Families With Deaths Require Your Knowledge From EA CPE
Whenever a death occurs, the remaining family members need help from a variety of professionals. Your enrolled agent expertise is one of those valuable services. Look to build your enrolled agent practice from simply promoting your knowledge for dealing with the tax matters related to a decedent.
Several tax return filing requirements exist after someone dies. This responsibility rests with the estate executor. By reaching out to these individuals, you alleviate a significant burden for them. Firstly, income tax reporting is required for decedents. This can require two tax returns if the death occurs before a prior year return is filed. The final tax return is for the year of death.
The income tax return for a decedent indicates that the taxpayer is deceased and the date of death. The final tax return for someone who has died can be jointly filed with a surviving spouse. In fact, surviving spouses are normally executors of the decedent’s estate and sign the return for the deceased taxpayer.
Your enrolled agent continuing education reinforces your skills to deal with separating the personal taxable income of decedents from their estates. Income earned after the date of death is taxable to a decedent’s estate. This occurs due to delay in transferring income-producing assets to beneficiaries.
Training for the enrolled agent test teaches you how to prepare income tax returns for estates as well as individuals. Estates use the same tax deductions and credits as individuals. All types of income that are normally taxable to individuals are reported on an estate income tax return when payment is received after death and before distribution to beneficiaries.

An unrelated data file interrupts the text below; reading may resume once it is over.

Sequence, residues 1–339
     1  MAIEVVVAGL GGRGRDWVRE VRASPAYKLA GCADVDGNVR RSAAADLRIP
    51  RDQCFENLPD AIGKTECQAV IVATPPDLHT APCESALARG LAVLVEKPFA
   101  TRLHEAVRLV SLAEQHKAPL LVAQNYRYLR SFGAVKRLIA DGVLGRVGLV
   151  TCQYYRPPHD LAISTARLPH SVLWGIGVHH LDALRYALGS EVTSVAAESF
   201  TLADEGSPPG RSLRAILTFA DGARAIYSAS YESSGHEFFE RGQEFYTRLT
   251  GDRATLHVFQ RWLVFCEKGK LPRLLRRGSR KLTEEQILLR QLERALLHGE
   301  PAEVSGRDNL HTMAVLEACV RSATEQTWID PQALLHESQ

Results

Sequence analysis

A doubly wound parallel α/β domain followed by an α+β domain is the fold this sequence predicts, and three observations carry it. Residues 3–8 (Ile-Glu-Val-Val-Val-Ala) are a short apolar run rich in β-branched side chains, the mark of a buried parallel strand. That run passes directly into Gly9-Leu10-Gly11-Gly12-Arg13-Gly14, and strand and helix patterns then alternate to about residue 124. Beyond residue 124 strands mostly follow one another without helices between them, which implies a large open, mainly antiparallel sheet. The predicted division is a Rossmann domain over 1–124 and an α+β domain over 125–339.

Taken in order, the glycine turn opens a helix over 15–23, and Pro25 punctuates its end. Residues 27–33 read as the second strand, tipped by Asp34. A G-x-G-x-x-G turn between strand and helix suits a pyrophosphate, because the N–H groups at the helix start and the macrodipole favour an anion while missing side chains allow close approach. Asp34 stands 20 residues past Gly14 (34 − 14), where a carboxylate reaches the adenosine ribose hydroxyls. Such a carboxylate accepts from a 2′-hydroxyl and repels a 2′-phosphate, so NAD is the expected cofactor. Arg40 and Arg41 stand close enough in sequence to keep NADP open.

The big effect is that an estate gets a tax deduction for distributions to beneficiaries. Net income after deductions that’s transferred to an estate beneficiary is taxable to that individual recipient. The estate is only assessed income tax on the income it doesn’t distribute.
Your EA CPE also keeps you apprised on estate tax issues in addition to income tax matters. Most estates escape estate tax because their sizes are less than the exemption threshold. Starting in 2010, most estates with values of less than $5,000,000 are exempt from federal estate tax.
Making an estate tax determination requires considering all assets of the decedent’s estate. Any liabilities owed as well as charitable contributions and administrative expenses paid by the estate are subtracted from total asset value to ascertain whether estate tax is applicable.
Estate administrators commonly misunderstand tax procedures for decedents. That’s why they need to find out about the services of enrolled agents. They require assistance in gathering records and conducting accurate tax calculations. Working with estate executors is an excellent way to grow your tax practice because they benefit significantly from your expertise.
IRS Circular 230 Disclosure
Pursuant to the requirements of the Internal Revenue Service Circular 230, we inform you that, to the extent any advice relating to a Federal tax issue is contained in this communication, including in any attachments, it was not written or intended to be used, and cannot be used, for the purpose of (a) avoiding any tax related penalties that may be imposed on you or any other person under the Internal Revenue Code, or (b) promoting, marketing or recommending to another person any transaction or matter addressed in this communication.